the last year for which there is figures, it was the sixth-leading
cause of death, three places ahead of war and conflict. Most
critically, they strike the youngest and most productive members of
society: Among children age 5-14 and adults 30-44, it's the second
leading cause of death. Among young people in between, its No. 1,
It also weighs down on economies, struggling with high rates of
population growth and high unemployment.WHO estimates road deaths
costs the region, including Pakistan and Afghanistan, some $7.5
billion annually. Iran and Jordan have both independently estimated
that accidents lowered gross domestic product by about 2%.
More worryingly, death from roads happen just as frequently among the
Middle East's rich countries as among its poor, on contrast to much
of the world where money buys better roads and safer cars. Based on
WHO's estimate for real, rather than reported fatalities, in Saudi
Arabia, the rate is 29 deaths in 2008 per 100,000 population, close
to the median for the region, while in Qatar its 23.7 and in the
United Arab Emirates (UAE), the rate 37.1.
Among poorer countries, the rate is higher – Libyans died in
automobile accidents last year at a rate of 40.5 per 100,000 people,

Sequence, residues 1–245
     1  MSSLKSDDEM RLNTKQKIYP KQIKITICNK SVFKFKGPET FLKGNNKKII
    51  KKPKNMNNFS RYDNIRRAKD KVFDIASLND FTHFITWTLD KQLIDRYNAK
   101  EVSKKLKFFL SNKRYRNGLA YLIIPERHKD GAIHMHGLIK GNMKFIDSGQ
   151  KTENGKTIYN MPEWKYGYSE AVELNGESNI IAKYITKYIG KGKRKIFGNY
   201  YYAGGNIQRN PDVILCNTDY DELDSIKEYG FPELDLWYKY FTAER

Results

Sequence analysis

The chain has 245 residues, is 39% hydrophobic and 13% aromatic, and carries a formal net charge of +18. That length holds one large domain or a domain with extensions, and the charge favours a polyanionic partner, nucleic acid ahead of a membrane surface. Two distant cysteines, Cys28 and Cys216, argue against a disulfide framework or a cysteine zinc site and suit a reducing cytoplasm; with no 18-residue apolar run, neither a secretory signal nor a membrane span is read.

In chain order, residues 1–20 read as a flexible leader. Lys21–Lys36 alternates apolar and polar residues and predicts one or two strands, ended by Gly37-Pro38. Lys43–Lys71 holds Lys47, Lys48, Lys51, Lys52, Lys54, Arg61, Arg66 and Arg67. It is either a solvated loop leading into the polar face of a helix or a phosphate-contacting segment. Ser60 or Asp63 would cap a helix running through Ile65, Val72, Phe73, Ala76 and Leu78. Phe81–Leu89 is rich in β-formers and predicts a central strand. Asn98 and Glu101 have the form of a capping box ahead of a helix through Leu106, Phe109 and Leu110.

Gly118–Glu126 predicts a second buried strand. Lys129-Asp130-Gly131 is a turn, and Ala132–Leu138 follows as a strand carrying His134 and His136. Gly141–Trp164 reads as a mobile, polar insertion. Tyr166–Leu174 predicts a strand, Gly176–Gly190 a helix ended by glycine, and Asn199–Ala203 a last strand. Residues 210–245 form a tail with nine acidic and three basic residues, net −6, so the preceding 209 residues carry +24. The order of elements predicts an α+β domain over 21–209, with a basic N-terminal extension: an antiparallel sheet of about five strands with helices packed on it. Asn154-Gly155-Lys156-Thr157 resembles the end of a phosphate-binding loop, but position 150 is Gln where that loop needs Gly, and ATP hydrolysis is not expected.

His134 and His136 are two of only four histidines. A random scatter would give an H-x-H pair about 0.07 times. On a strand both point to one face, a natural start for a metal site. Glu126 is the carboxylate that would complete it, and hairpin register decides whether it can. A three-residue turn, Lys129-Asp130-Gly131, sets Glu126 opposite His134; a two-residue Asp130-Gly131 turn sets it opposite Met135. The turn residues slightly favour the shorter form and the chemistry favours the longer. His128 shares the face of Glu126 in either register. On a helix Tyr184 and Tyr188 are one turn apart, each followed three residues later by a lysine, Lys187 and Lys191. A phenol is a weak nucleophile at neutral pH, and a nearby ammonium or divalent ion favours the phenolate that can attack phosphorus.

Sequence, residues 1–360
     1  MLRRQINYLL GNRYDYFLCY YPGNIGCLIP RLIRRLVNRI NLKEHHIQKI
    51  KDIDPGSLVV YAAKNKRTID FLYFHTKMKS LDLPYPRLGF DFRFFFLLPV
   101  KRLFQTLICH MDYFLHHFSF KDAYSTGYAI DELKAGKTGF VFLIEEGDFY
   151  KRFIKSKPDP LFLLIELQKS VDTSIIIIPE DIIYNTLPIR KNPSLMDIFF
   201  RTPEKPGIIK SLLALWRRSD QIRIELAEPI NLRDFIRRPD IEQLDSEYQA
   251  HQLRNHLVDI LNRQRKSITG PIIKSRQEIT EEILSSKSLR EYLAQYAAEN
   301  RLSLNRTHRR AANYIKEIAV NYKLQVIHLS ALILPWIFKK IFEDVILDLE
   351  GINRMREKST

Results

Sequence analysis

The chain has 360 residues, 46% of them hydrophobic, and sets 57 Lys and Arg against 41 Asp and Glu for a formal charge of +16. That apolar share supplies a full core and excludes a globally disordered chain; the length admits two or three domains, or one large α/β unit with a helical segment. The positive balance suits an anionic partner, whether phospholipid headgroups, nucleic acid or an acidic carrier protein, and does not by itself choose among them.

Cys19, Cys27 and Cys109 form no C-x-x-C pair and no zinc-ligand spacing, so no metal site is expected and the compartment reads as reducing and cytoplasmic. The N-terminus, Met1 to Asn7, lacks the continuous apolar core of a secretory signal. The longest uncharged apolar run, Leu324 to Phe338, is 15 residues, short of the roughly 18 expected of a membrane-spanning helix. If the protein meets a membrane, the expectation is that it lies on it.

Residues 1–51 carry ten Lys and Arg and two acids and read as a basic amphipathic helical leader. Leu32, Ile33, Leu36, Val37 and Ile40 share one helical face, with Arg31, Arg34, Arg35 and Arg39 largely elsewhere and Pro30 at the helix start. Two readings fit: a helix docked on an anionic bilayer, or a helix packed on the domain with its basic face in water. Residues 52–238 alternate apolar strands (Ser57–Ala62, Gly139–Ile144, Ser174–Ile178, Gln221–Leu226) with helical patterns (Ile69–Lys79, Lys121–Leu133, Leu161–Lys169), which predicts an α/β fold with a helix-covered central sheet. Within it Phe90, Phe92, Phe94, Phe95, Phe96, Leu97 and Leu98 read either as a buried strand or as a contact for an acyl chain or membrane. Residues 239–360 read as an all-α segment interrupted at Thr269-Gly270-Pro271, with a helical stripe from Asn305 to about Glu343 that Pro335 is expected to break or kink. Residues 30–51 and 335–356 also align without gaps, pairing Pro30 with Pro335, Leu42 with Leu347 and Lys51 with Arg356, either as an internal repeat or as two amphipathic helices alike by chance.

just behind Egypt's 41.6. That makes Egypt the second-deadliest place
in the world to drive after the tiny Cook Islands, whose 13,000
people suffered six deaths in 2008.
"No one follows any rules … There needs to be a traffic officer by
every light in order for people to abide by the law," Joseph Fahim,
an editor with the Daily News Egypt, said about his fellow drivers in
Cairo in an interview with The Media Line. "We don't have the concept
of people sticking to the lanes."
Some 40% of the country lives on less than $2 a day and the number of
drivers is 4.3 million in a population of close to 80 million. But
some 17 million people are squeezed into greater Cairo, creating huge
traffic jams and masses of pedestrians vulnerable to being hit by a
car. Motor scooters and other small vehicles that ill the city's
streets are more risk laden than sedans and trucks. Once you leave
the "nightmare" of Cairo even into the suburbs, driving is safer.